ENI wants to get rid of Gazprom’s 'take or pay' rule in gas supply

Reuters / Giampiero Sposito
Italian oil major ENI is considering revising the so-called ‘take or pay’ rule in its contracts with Russian gas giant Gazprom, three years after it managed to get a discount on gas supply.

ENI might “not renew ‘take or pay’ contracts and try to rework the ones that are still in force,” to avoid the ‘take or pay’ rule as it has become too expensive, La Repubblica newspaper cited ENI’s CEO Paulo Scaroni. Gazprom's current contract with Eni expires in 2035.

In 2011 losses from the company's gas sales sector totaled 600 million euro, he stressed. ENI also had to pay gas suppliers about 1.5 billion per year between 2009 and 2011 for gas it hadn’t used under ‘take or pay’ contracts. However, Scaroni stressed, security of supplies must be taken into consideration when revising contracts.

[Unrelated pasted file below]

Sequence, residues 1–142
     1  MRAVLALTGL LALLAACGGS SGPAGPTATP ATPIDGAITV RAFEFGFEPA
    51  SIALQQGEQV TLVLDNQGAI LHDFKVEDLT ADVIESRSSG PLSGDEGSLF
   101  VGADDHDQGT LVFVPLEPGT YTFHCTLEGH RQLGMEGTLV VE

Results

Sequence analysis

The Italian major hasn’t formally requested the change, Russia’s Vedomosti daily reports citing its sources. But Gazprom is likely to make concessions to ENI, because the Italian company is a one of the major customers of Gazprom and a key partner in the South Stream gas project, the source suggested. On Monday Gazprom Export declined to comment on Scaroni’s remarks.

Since the beginning of the financial crisis in 2008, ENI has twice managed to get discounts from Gazprom on gas prices totaling $1.3 billion, and a reduction in the minimum annual contracted volumes. Along with Germany’s E.ON, Italy’s ENI became the first European company to get a deal on tariffs from Gazprom.

Earlier this year Gazprom revised tariffs with Wingas (Germany), GDF Suez SA (France), EconGas GmbH (Austria), SPP AS (Slovakia) and Sinergie Italiane Srl. These companies purchase around 35 billion cubic meters (bcm) of gas every year or about a quarter of all Russian gas exports to Europe.